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University of Auckland Bachelor of Commerce Post Graduate Honors Dissertation Submission for
ESSICA MAHER (June, 2010)
This is the alternative version of the documentation which constitutes the primary submission for the University of Auckland dissertation for Jess Maher has been included in the following pages, please access these through the Contents Menu included.
The discussion and awareness of social networking sites (SNSs) within the mainstream and media in the past few weeks alone has been increasing rapidly. The world has been overrun with talk of social networks in recent years. For example in the weeks prior to submission of this review there was a story on ASB Business Reports about use of social networking for business (3 News, 2010), followed by me “attending” a wedding overseas via Skype just last week! We are currently experiencing a 'worldwide revolution in information and communications technologies and it is causing fundamental changes in our lives' (NZ Government, 2006). Such changes in technology, intrinsically require changes in the structure and processes of a society (MED, 2006, p7). Realistically, despite all else, the evidence shows ‘that in an increasingly global world, people must be willing to change and adapt or they simply get left behind’ (Friedman, 2007).
This research review itself was conducted in three stages. For this first review process, I considered my own insights developed whilst sourcing and researching information relevant to the topics. For each of the topics; NZ, SMEs and SNSs, an initial individual review broadly utilises the “Define, Align, Refine” rings model which sets them on course for integrated review. This in itself has been based on utilising the three circle Venn model to record notation and summaries from the various articles considered. A theme of threes came up quickly when I started looking through various fields and disciplines. As such I too have opted for carrying through three “section” areas of the review undertaken. Initially working on defining the topic area, the secondary focus was on aligning these definitions and area specific trends within conceptualisations from elsewhere, and exploring how they overlap.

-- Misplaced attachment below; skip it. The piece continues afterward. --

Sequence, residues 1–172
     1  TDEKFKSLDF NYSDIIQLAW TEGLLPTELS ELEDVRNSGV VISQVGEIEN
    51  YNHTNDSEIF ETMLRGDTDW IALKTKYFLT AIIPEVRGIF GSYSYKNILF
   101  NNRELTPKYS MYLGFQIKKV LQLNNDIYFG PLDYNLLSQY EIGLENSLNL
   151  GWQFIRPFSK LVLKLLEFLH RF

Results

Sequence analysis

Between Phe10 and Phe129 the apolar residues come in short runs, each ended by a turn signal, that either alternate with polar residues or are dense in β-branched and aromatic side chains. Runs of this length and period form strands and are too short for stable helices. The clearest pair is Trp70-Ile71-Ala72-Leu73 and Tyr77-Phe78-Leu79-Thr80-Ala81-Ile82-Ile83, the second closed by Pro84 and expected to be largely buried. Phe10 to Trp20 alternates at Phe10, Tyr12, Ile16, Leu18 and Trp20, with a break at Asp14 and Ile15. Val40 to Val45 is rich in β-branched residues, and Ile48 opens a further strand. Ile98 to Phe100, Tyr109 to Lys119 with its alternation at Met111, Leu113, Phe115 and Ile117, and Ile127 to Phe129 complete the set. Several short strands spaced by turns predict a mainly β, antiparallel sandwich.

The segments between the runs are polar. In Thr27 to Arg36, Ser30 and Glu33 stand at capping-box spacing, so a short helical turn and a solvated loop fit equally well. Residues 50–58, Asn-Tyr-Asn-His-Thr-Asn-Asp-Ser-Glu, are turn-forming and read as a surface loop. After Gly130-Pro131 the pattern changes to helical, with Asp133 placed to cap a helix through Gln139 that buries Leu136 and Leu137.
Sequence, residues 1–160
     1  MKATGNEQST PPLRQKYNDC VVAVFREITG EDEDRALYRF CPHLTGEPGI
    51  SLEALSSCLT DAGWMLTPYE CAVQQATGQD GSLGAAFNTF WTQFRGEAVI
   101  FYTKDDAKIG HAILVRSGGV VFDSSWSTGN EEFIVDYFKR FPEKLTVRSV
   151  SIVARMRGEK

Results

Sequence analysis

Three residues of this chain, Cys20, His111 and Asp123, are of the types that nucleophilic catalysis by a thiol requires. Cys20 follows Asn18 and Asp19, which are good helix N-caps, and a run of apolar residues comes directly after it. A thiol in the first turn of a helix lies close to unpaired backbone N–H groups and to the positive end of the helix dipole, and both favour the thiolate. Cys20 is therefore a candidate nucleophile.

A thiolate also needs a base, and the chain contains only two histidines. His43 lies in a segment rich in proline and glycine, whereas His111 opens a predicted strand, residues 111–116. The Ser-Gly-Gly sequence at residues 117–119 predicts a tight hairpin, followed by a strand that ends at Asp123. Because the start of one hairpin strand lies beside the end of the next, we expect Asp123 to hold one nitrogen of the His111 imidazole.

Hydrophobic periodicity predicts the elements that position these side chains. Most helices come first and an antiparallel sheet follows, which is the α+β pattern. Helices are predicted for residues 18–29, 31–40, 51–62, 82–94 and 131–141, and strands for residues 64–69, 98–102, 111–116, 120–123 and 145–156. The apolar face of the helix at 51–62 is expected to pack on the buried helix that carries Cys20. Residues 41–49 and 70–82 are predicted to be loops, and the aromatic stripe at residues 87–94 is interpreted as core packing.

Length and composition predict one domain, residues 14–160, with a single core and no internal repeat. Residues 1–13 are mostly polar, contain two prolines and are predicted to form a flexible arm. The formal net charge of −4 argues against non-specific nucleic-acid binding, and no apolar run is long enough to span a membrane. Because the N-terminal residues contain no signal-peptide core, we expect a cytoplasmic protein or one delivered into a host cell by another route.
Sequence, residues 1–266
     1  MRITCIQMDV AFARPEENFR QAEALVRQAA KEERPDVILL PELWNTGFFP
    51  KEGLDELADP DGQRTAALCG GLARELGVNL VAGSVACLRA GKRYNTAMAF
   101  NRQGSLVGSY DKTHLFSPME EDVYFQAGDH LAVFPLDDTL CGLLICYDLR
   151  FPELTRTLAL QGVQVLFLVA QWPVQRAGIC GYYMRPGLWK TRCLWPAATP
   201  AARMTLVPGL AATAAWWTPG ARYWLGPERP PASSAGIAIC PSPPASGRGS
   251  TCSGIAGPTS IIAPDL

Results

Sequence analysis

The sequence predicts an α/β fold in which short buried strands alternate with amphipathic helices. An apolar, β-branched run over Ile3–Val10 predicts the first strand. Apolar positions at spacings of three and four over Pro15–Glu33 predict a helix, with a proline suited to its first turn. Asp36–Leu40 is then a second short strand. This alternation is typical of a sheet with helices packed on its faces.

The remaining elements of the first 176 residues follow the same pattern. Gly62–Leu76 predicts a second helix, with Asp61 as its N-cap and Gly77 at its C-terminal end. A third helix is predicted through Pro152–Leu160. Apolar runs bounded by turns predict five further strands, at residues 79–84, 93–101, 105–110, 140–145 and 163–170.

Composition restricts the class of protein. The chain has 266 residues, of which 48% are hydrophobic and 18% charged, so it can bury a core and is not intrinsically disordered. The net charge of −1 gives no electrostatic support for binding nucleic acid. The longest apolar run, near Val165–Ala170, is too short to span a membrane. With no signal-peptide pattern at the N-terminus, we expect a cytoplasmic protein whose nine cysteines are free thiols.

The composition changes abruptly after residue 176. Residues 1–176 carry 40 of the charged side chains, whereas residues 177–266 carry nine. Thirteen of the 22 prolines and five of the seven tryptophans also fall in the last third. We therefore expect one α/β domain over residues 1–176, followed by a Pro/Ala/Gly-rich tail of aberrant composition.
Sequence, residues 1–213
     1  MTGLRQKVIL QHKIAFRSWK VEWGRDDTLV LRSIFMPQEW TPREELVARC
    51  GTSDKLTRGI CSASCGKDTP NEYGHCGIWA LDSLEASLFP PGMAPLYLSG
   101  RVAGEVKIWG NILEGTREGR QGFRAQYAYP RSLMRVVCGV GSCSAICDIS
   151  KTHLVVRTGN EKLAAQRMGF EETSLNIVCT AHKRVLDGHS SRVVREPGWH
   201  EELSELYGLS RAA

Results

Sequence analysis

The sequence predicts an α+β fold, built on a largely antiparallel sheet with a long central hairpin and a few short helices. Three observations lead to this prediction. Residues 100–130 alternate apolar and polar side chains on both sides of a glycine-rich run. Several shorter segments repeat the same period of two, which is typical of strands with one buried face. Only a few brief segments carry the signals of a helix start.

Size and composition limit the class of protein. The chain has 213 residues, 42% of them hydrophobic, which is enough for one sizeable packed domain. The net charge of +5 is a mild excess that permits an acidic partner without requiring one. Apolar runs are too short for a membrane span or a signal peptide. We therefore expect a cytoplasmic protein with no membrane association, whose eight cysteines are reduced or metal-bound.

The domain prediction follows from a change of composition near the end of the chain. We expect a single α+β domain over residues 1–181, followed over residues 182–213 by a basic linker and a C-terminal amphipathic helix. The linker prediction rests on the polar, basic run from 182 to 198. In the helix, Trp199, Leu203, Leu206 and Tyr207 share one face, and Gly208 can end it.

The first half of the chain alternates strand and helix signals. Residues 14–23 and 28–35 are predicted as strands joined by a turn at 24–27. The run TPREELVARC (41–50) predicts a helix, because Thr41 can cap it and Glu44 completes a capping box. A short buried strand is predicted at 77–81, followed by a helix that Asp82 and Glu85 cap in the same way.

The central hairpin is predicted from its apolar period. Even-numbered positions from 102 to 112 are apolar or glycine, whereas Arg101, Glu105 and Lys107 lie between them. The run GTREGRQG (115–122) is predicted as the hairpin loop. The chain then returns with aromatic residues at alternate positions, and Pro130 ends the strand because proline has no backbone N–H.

This process enabled several insights to be uncovered, surrounding the digital divide & e-government initiatives, generational differences in technology use and approach general themes across these fields and well as some of the repercussions of these societal influences on other aspects of our lives. I will then briefly explore some of the available and existing options and alternative views on tool adaptation and further explore some of the themes uncovered in further detail, before considering the inevitable issues and ongoing concerns across these fields within the themes. And the final part of this section will focus on the inevitable issues and complications which are uniquely set to rise as the “digital environment” continues to develop and change.
The ICTs now enable us to utilise our networks faster, enable them to span further and create almost unlimited uses (MED, 2007). Limited by the requirements for submission I am not able to expand greatly on all of these issues and will merely highlight what have been considered to be the most important of these aspects. The virtual version of this report, acts to both supplement and support this review by hosting further information of relevance (your attention has been drawn within these specific areas throughout the document) and encourage a wider dissemination of research findings. While the influence of Facebook was felt years ago, it is only beginning to be extended into the minds of the mainstream, that there could potentially be more to it? I attended a “network seminar” through the university on Wednesday, where I had opportunity to casually survey opinions of the majority. I started to really understand the lack of perceived value and ambiguity surrounding SNSs broadly, as well as concerns about security of personal data when hosting documents such as CVs online. The following day there was a story on Campbell Live about Urgent Couriers successful use of Twitter (Campbell Live, 2010). Ironically, another two seminars[i] in the same field are taking place on the submission date of this review.